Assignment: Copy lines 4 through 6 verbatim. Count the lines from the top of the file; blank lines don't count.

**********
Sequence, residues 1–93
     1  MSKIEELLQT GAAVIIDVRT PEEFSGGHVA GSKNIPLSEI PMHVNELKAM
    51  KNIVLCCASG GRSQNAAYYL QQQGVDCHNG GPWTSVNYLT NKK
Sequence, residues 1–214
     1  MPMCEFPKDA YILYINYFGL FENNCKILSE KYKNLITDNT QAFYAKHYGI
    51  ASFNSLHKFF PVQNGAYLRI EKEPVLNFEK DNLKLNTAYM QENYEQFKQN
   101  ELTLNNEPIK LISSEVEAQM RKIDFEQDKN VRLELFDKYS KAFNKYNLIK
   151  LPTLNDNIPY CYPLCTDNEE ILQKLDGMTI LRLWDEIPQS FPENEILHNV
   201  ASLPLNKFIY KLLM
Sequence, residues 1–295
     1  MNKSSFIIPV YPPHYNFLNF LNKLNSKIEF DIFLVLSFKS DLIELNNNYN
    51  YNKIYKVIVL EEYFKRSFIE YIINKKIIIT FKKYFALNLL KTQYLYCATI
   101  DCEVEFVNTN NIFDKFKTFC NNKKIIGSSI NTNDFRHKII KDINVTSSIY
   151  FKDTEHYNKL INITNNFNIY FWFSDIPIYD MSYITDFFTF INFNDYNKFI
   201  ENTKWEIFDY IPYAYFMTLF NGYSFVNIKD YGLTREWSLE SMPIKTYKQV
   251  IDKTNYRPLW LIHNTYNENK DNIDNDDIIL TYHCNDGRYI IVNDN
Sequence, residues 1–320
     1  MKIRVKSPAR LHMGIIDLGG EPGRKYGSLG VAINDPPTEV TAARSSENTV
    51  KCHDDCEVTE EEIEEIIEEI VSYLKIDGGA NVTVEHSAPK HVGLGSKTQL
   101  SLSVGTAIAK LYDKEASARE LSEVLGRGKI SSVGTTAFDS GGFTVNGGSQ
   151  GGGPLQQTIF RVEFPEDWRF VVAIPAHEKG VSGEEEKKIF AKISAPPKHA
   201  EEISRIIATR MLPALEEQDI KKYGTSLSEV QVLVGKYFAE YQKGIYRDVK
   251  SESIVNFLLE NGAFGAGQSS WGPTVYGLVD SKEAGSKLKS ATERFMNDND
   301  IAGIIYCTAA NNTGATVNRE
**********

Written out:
Sequence, residues 1–214
     1  MPMCEFPKDA YILYINYFGL FENNCKILSE KYKNLITDNT QAFYAKHYGI
    51  ASFNSLHKFF PVQNGAYLRI EKEPVLNFEK DNLKLNTAYM QENYEQFKQN